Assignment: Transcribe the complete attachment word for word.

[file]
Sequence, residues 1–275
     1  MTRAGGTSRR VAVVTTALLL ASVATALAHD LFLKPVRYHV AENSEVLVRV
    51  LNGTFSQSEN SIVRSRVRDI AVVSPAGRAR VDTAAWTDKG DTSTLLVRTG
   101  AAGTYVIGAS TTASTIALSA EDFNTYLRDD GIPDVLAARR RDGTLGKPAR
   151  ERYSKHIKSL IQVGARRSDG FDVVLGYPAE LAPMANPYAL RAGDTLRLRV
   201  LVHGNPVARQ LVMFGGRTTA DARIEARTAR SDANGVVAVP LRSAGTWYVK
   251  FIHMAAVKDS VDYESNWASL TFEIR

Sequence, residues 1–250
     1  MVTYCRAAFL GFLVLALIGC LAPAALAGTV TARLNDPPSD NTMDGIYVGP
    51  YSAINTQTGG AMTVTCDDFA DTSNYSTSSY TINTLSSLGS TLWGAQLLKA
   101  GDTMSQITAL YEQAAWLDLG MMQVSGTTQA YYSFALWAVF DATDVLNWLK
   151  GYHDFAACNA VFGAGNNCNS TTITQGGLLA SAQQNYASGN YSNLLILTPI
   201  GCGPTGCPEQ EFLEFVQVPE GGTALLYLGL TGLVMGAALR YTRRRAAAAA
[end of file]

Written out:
Sequence, residues 1–275
     1  MTRAGGTSRR VAVVTTALLL ASVATALAHD LFLKPVRYHV AENSEVLVRV
    51  LNGTFSQSEN SIVRSRVRDI AVVSPAGRAR VDTAAWTDKG DTSTLLVRTG
   101  AAGTYVIGAS TTASTIALSA EDFNTYLRDD GIPDVLAARR RDGTLGKPAR
   151  ERYSKHIKSL IQVGARRSDG FDVVLGYPAE LAPMANPYAL RAGDTLRLRV
   201  LVHGNPVARQ LVMFGGRTTA DARIEARTAR SDANGVVAVP LRSAGTWYVK
   251  FIHMAAVKDS VDYESNWASL TFEIR

Sequence, residues 1–250
     1  MVTYCRAAFL GFLVLALIGC LAPAALAGTV TARLNDPPSD NTMDGIYVGP
    51  YSAINTQTGG AMTVTCDDFA DTSNYSTSSY TINTLSSLGS TLWGAQLLKA
   101  GDTMSQITAL YEQAAWLDLG MMQVSGTTQA YYSFALWAVF DATDVLNWLK
   151  GYHDFAACNA VFGAGNNCNS TTITQGGLLA SAQQNYASGN YSNLLILTPI
   201  GCGPTGCPEQ EFLEFVQVPE GGTALLYLGL TGLVMGAALR YTRRRAAAAA